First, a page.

Another Nobel Prize for Advances in Behavioral Finance

Cheri Franklin |

The winner of the 2017 Nobel Prize in Economic Sciences is Richard Thaler of the University of Chicago Booth School of Business “for his contributions to behavioral economics”.  Thaler is not the first behaviorist to capture the prize. Others include Daniel Kahneman (2002) “for having integrated insights from psychological research into economic science, especially concerning human judgment and decision-making under uncertainty” and Robert Shiller (2013) for empirically analyzing asset prices as they relate to investor behavior. He joins a long list of University of Chicago faculty and alumni who are also Nobel laureates.

Behavioral Finance challenges a bedrock assumption of traditional finance that investors are perfectly rational utility-maximizers with access to complete information. Certainly, we humans are subject to behavioral foibles that prompt us into sub-optimal decisions such as harvesting capital gains instead of losses due to the disposition effect. In our opinion, the most important of all the behavioral pitfalls is overconfidence which may result in potentially catastrophic market-timing and security-picking. Interestingly, when asked for investment advice, the behaviorists (including Thaler) advocate a highly-diversified, low-cost portfolio that is traded primarily for rebalancing purposes only, as made clear in this humorous MarketWatch video. This is the same advice given by the traditionalists

One of Thaler’s examples of the limits to perfect rationality is his theory of mental accounting, which describes how most of us think about our finances in separate buckets, and we tend to make individual decisions on the basis of their effect on each of these accounts rather than on our total assets. One example of a mental account is gambling money, and we often see how people who win a few bets become more audacious in subsequent bets, which Thaler refers to as the “house money effect”. Mental accounting can lead to unnecessary costs such as taking on credit card debt for short-term expenses rather than paying them out of long-term savings. Mental accounting encourages the use of reference points to help make decisions. For example, a stock bought at $10 per share and now worth $5 will not be sold until it returns to $10 which may never happen. We call this “anchoring”.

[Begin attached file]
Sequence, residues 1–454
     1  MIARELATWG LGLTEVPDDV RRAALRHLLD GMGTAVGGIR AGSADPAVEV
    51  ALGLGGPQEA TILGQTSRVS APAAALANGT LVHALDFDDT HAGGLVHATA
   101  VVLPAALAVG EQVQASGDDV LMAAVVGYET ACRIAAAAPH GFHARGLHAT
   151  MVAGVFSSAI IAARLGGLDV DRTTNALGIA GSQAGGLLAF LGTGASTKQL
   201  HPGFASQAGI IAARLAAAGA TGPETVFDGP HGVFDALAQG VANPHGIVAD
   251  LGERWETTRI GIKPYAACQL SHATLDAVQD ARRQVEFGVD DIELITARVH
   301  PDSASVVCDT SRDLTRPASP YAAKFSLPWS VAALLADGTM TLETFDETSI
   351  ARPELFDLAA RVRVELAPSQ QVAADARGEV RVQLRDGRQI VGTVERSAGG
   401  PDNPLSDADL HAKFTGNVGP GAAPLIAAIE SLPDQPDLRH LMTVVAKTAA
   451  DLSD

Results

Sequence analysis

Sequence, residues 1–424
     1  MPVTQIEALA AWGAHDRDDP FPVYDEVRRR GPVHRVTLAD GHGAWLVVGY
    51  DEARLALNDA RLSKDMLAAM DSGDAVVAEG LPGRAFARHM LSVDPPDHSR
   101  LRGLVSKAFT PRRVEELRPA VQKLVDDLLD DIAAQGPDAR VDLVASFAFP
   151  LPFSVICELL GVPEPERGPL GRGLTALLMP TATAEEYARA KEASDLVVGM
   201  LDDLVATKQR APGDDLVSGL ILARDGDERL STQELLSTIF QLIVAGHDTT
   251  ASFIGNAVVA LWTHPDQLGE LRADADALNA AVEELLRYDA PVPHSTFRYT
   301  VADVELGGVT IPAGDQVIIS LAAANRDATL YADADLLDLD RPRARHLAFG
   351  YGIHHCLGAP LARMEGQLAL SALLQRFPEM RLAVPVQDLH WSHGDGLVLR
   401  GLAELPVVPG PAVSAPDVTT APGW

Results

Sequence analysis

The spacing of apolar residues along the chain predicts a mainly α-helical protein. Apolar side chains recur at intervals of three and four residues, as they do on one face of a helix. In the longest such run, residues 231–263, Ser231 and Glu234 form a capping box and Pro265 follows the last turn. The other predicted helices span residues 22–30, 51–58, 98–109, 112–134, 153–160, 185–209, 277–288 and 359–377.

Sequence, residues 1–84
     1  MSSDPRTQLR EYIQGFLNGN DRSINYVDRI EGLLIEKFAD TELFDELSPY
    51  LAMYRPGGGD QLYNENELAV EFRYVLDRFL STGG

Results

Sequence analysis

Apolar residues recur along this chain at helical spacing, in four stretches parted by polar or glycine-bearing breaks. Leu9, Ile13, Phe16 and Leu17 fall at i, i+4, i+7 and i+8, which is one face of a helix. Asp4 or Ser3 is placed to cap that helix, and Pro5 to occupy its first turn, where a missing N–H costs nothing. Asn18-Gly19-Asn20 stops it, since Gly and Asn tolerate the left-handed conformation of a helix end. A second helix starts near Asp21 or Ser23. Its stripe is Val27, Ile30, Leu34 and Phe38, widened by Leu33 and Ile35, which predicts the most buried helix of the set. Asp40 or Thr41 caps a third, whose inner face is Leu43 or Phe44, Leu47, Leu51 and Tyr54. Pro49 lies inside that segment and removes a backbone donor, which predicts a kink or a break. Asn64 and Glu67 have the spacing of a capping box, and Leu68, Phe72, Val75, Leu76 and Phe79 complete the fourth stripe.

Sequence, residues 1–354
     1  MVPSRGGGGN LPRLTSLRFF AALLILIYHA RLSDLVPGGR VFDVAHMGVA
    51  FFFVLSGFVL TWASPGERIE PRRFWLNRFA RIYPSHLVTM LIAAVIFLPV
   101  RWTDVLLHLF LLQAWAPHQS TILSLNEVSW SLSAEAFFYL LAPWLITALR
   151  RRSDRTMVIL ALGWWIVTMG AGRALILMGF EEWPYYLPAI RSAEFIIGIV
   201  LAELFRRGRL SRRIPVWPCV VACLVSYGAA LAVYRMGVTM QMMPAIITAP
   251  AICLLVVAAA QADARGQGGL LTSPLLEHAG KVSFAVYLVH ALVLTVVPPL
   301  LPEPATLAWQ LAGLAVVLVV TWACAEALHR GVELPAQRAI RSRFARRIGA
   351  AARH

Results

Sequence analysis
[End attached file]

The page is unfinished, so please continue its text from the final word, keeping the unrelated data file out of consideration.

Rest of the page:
Another term coined by Thaler is the “endowment effect” which describes how we tend to value assets we own more highly than similar assets we don’t own. If you want to see this in action, ask any business owner what his business is worth, and then ask what he thinks his competitor’s business is worth. Thaler explains the endowment effect in terms of loss aversion where people tend to experience the negative feeling of a loss more strongly than the positive euphoria of an equally large gain.

While we have only scratched the surface of Thaler’s contributions to our understanding of behavioral finance, it is his contributions to real world investor outcomes that must not be overlooked. As his fellow researcher Shlomo Benartzi has estimated, the safe harbor retirement savings plan requirements (auto-enrollment and auto-escalation) based on Thaler’s work have resulted in an additional $30 billion of savings in retirement accounts. If your current retirement plan does not incorporate these provisions or you are looking to establish a new plan, please call us at 800-345-4635 or email us at